For Jones, Christian doctrine took away the sting of death and replaced it with hope. This was no distant thought in the hearts and minds of his congregation in London during WWII. As the threat of war became a reality and air-raid sirens filled the London air, a million-and-a-half people left Britain’s cities as urged by the government. Gas masks were issued to all as the fear of Nazi attack intensified. In a sobering letter to his wife, ML-J noted that masks for children ages two to five were not yet available in those early days of the war. Consider the dark context into which these words were preached,
“Let the bombs fall, let war come, let disease and pestilence ravage the land, let me die – what is it? Translation! To be with him! This old body of mine, the body of my humiliation, the body of infirmity, the body of disease the body of death, transfigured, changed, glorified, made like the body of Christ’s resurrection, and I, in this new, glorified body, ushered into his blessed presence to spend my eternity with him.”D. Martyn Lloyd Jones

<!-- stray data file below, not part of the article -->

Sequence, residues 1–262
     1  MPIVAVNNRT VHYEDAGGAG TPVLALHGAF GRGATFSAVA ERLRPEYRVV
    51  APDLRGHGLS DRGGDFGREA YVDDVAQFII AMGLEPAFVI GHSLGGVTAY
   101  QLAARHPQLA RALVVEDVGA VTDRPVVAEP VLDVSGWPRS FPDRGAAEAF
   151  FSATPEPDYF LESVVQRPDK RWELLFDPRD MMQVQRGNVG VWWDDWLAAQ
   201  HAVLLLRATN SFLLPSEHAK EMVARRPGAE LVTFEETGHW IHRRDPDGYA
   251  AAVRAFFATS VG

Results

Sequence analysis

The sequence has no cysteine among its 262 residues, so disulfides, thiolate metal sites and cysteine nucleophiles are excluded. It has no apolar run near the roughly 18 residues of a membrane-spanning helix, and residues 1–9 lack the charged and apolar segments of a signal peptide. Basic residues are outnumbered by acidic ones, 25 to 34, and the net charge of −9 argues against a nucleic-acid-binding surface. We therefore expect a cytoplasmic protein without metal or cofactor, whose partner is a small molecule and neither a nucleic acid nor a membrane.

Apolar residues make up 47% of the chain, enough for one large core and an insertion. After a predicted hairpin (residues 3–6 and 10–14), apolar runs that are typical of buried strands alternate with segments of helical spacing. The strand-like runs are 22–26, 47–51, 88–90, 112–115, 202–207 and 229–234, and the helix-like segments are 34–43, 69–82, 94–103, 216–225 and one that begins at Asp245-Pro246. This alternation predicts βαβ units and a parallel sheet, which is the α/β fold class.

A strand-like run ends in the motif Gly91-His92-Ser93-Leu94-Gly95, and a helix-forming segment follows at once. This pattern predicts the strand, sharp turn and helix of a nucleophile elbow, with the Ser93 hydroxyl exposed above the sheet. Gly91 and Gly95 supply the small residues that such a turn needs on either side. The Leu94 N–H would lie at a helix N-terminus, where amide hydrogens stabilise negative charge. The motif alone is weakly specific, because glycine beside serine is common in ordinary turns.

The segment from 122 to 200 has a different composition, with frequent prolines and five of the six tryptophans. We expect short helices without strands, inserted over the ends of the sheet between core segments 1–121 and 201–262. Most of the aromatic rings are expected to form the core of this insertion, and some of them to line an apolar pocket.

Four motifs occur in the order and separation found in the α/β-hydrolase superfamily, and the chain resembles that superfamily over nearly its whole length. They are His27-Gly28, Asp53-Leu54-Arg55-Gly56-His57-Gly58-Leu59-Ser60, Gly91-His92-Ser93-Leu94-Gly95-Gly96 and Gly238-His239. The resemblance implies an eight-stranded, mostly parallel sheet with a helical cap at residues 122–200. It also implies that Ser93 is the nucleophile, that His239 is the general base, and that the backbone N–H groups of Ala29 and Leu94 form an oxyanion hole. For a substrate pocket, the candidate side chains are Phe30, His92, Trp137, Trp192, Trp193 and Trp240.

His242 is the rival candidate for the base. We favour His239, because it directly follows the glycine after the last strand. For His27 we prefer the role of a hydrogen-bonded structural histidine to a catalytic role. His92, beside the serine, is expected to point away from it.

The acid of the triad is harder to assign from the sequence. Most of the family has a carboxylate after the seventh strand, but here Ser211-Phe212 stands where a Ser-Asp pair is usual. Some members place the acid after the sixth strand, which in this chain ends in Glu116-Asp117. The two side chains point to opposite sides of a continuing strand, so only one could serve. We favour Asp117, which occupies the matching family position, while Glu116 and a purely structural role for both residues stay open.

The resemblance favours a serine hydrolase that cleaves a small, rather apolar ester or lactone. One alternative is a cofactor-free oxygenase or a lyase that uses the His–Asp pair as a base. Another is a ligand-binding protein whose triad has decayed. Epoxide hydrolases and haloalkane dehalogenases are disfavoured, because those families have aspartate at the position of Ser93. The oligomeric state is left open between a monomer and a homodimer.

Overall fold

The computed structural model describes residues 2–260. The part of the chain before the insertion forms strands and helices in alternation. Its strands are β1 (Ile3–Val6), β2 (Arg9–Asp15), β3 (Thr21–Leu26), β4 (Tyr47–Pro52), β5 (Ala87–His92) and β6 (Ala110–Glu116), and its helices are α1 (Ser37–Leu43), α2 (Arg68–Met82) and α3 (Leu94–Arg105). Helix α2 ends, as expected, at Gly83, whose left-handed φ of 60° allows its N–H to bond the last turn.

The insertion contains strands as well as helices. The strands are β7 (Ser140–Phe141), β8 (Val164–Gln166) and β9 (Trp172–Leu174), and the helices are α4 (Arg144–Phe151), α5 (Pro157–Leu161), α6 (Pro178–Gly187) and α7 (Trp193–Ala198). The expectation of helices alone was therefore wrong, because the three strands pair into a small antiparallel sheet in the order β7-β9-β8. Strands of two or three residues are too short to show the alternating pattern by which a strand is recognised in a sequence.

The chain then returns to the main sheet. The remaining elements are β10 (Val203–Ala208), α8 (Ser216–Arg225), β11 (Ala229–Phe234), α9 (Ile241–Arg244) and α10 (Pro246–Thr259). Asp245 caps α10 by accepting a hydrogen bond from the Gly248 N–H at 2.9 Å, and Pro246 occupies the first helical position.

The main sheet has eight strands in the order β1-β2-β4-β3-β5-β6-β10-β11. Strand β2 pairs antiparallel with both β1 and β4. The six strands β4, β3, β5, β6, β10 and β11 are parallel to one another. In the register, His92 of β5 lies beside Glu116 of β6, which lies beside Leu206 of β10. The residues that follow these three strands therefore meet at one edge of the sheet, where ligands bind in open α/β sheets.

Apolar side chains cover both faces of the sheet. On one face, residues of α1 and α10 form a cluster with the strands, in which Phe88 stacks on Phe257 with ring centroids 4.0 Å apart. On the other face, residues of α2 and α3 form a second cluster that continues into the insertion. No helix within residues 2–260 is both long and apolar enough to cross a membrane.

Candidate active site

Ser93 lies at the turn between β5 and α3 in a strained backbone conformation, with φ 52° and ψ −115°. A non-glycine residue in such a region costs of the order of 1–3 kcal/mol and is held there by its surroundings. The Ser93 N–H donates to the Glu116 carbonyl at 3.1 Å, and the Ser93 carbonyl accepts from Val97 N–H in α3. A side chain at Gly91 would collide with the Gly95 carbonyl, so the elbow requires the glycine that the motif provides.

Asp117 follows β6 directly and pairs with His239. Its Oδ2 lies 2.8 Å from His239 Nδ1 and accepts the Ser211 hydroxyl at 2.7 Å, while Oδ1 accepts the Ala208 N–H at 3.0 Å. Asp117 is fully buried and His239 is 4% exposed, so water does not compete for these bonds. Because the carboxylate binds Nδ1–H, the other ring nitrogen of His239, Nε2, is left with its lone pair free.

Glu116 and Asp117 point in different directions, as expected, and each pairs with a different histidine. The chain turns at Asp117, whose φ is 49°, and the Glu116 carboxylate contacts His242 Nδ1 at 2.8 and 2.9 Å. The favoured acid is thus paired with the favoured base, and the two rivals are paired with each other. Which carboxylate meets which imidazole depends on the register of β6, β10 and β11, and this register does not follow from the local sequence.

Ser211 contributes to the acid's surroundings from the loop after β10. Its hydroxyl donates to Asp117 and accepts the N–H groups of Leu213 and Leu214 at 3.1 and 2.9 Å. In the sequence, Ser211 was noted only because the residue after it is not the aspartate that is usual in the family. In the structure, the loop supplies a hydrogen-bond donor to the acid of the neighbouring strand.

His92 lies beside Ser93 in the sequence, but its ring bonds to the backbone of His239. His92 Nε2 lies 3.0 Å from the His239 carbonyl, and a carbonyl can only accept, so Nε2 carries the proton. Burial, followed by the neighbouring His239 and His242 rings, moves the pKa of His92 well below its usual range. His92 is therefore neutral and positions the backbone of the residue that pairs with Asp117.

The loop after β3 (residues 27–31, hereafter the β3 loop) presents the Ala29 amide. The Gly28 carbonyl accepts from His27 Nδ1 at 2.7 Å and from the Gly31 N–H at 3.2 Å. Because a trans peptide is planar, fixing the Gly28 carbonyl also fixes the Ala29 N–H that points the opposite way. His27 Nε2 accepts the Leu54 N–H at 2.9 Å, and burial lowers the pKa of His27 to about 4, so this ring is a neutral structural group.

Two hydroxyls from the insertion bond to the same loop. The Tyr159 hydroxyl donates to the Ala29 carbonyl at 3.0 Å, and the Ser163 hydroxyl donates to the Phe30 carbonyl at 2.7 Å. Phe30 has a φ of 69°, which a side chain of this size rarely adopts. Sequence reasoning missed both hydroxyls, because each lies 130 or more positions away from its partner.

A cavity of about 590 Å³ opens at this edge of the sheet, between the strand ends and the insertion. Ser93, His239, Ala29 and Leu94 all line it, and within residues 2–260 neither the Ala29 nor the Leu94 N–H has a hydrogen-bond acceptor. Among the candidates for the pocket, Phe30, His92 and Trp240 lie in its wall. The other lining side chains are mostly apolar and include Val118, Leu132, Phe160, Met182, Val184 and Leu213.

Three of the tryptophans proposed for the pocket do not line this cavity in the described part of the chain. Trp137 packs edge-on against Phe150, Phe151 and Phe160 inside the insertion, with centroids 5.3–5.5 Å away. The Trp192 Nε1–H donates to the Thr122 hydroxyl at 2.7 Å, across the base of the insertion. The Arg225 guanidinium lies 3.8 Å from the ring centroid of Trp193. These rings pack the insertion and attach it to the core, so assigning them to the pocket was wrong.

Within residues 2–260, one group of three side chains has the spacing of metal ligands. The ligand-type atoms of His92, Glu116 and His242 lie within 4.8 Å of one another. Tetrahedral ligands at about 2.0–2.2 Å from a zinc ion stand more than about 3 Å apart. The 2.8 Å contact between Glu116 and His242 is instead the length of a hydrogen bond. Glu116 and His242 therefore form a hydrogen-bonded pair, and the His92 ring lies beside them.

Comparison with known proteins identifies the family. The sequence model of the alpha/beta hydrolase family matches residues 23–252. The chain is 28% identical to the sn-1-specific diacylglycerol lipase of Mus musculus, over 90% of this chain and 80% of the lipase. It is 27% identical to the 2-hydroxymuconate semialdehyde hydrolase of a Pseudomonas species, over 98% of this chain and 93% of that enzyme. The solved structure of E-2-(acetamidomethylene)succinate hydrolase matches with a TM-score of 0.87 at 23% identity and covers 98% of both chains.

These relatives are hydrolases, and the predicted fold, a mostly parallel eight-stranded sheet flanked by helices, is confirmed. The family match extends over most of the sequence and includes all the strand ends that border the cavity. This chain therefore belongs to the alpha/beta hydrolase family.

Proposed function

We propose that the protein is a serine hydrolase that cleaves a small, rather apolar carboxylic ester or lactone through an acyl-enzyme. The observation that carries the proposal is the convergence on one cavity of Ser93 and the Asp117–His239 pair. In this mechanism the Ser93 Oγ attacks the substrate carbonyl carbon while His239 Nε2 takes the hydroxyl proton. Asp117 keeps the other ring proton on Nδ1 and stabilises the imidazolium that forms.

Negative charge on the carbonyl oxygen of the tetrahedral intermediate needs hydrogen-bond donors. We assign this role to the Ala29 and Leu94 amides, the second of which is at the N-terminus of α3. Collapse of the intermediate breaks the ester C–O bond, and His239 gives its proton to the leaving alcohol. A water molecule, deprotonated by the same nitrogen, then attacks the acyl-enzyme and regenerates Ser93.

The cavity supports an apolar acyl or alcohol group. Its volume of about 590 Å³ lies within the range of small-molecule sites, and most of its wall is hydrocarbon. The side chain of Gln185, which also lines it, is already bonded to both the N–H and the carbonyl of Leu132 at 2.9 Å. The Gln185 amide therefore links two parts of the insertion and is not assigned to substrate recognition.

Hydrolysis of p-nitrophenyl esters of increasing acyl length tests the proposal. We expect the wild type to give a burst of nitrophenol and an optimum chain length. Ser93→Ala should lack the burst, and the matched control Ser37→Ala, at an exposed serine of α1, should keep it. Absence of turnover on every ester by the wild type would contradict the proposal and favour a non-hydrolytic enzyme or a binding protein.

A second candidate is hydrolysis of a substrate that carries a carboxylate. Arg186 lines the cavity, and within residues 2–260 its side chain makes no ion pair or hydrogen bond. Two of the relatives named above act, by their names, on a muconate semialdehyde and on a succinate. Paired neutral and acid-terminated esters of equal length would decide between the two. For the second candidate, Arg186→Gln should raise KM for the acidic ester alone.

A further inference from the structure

Such truths were proclaimed to help the listener not only die well in the peace of God’s promises. They were designed to help the listener live well with sights set upon the everlasting city. Lloyd-Jones knew that during one of the world’s deadliest wars, only a big vision of Christ’s death conquering and life-giving resurrection could equip the Christian to walk in perseverance.
In Murray’s biography of Jones, he records the events, words, and attitudes that characterized Lloyd-Jones as he finished his race. Jones saw his own death and the death of any Christian as an opportunity for worship. In conversation with Murray, Lloyd-Jones reflected on the common assertion that a sudden death is a wonderful way to go. Jones disagreed, “I think the way we go out of this world is very important and this is my great desire now that I may perhaps be enabled to bear a greater testimony than ever before. Death is not something to slip past, it should be victorious.” It is often forgotten by young pastors that much of their work will include not only helping the beloved church live well, but that they will also be called upon to help their church die well. Lloyd-Jones meditated upon the way in which some of the Christian men and women in his church had died over the years. He agreed whole-heartedly with Spurgeon’s words,
“If I may die as I have seen some of our church members die, I court the grand occasion. I would not wish to escape death by some by-road if I may sing as they sang.”– C.H. Spurgeon